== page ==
Winter in Florence is a lovely time of the year to visit the vibrant Tuscan capital. With bright holiday lights shining in the deep warren of narrow alleys, Italian Christmas treats tempting you in every café window you pass, and a light holiday cheer vibrating on every corner, Florence in winter will enthrall you.
While most people seem to think that the best time to visit Florence is in spring, I have a hotspot for the winter.
Not because of the temperatures, because even though it is mild compared to other places in Europe (like my natal country, Norway) I will always be a hot-weather gal.
But Florence in winter is magical. The warmth of the streetlights in the medieval streets makes you almost feel like stepping back in time a little bit more than the rest of the year.
Besides, in winter, you might even encounter snow in Florence. Read on to find out what to expect from Florence Italy in winter and if it is the right time of the year to go for you.
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Winter in Florence Italy Main Highlights
There are so many epic reasons to visit Florence in the winter months as one of the most beautiful cities in Italy.
Whether you go on a weekend break in Italy or you plan to visit Tuscany in winter, here are the main highlights of winter in Florence Italy.
- Mild winter temperatures
- Christmas lights
- Enchanting Christmas markets
- Ice skating rink
How to get to Florence in the winter
Florence is easily accessed from all across the world by plane as it holds one of the most important international airports in Tuscany, Amerigo Vespucci Airport.
The city is also a hub for bus and train travel with Santa Maria Novella train and bus station receiving over 150 thousand passengers a day.
It is also easy to get to Florence by car, however, note that parking can be a mission unless your hotel offers parking.
It is not allowed to drive into the historical center (except for residents) so that is also something to keep in consideration before you go.
That said, I have visited Florence as part of a Tuscany road trip. I have also gone on a day trip to Florence from Rome by car. And I had no problems finding parking outside the Centro Storico and walking from there.
Where to stay in Florence Italy in winter
There is a wealth of fabulous hotels to stay in during your Florence winter break. It can be hard to decide where to stay in Florence, so I’ve listed my top picks for you below for every budget.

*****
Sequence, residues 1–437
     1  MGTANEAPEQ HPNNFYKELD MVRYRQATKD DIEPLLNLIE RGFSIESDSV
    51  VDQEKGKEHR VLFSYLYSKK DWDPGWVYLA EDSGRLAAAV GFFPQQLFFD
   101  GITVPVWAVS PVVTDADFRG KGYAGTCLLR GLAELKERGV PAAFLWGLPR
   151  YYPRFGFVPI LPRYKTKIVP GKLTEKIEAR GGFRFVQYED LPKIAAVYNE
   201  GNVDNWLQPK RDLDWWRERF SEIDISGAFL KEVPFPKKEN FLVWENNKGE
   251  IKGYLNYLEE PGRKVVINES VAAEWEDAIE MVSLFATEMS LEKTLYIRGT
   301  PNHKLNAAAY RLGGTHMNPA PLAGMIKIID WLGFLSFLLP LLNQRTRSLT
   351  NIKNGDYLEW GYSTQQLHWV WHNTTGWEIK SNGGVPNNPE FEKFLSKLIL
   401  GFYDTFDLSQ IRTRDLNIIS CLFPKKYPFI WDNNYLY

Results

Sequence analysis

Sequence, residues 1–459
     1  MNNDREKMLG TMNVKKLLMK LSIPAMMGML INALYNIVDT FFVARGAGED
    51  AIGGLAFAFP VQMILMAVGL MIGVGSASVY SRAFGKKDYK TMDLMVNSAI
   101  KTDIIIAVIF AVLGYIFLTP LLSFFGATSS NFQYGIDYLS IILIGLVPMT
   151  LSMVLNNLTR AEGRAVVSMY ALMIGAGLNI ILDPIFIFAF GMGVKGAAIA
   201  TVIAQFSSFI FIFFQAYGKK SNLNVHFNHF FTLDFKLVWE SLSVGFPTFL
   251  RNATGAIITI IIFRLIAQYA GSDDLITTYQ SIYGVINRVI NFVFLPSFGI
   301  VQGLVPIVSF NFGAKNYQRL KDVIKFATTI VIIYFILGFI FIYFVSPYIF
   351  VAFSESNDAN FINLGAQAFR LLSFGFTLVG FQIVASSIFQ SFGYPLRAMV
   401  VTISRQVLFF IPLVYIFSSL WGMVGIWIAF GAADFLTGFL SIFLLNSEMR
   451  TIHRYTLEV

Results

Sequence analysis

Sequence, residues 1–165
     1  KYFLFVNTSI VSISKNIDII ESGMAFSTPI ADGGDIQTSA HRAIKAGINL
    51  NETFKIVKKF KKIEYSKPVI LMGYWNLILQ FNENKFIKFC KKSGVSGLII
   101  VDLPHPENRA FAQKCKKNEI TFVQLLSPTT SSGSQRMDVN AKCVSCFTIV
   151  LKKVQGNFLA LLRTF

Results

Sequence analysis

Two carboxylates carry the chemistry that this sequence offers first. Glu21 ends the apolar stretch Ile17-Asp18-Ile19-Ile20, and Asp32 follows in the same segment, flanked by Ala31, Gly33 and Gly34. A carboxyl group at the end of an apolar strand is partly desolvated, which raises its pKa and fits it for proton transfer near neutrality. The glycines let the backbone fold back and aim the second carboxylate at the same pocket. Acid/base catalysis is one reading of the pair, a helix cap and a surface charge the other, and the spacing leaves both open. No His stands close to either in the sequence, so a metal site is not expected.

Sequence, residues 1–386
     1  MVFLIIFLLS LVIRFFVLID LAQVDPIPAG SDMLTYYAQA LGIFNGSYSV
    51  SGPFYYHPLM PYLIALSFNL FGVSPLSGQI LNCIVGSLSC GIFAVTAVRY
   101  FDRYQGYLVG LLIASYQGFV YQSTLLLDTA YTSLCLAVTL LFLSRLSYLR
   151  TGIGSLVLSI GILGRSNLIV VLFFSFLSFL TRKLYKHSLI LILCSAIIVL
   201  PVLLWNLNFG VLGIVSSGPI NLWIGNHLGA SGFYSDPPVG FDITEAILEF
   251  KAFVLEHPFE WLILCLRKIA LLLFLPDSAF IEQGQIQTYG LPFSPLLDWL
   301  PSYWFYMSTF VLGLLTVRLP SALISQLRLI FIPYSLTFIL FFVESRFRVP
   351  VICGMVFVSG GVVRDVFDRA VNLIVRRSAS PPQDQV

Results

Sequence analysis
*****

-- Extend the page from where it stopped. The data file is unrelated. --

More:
LUXURY: Palazzo Portinari Salviati Residenza D’Epoca – set in a historical building in the heart of Florence, this hotel has an indoor swimming pool and a spa and wellness center. The rooftop terrace offers splendid city views. It is also pet friendly.
MID-RANGE: B&B La Terrazza Sul Duomo – fabulous location with views of the Duomo and a rooftop terrace.
BUDGET: B&B Alla Corte dei Medici – set in a charming historical building this is a great budget option in the historic center.
Florence winter weather
While you can expect mild temperatures and even delightful winter sun in Florence Italy in the winter, temperatures can drop near zero at night making it the perfect environment for snow – though you will only experience snow in Florence Italy on rare occasions.
Temperatures usually average about 6.7 degrees Celcius during January which is Florence’s coldest month. The weather can occasionally drop to 2.2 degrees Celcius and sometimes even lower.
In Florence in December, the average temperature is 11.1 degrees Celcius, occasionally dropping to 2.6 degrees Celcius.
What you can expect in Florence in the winter months, is rain. November is the wettest month with an average of 9 days of rain, and from there on, there are generally fewer rainy days for each following month.
That said, I have always experienced 1-2 rainy days in Florence when visiting in winter, so I recommend bringing an umbrella even though you might only experience sunny days.
Considering its mild temperatures, I consider Florence one of the best winter city breaks in Europe!
Things to do in Florence in winter
See The Christmas Lights
Christmas in Florence is said to be the most wonderful time of the year and I couldn’t agree more. The Florence light festival is one of Europe’s biggest festivals and it is absolutely mesmerizing with light shows and displays.
Florence Italy in winter is lit up all over with bright lights and amazing Christmas trees. Piazzas and renowned places in Florence become as bright and as beautiful as ever.
Don’t hesitate to check out and take pictures with the Christmas trees in places like the Piazza Della Repubblica and Piazza San Firenze.
Walking around the cobbled streets and admiring the lights in the evenings is one of my favorite things to do in Florence in winter.
Go to the Christmas markets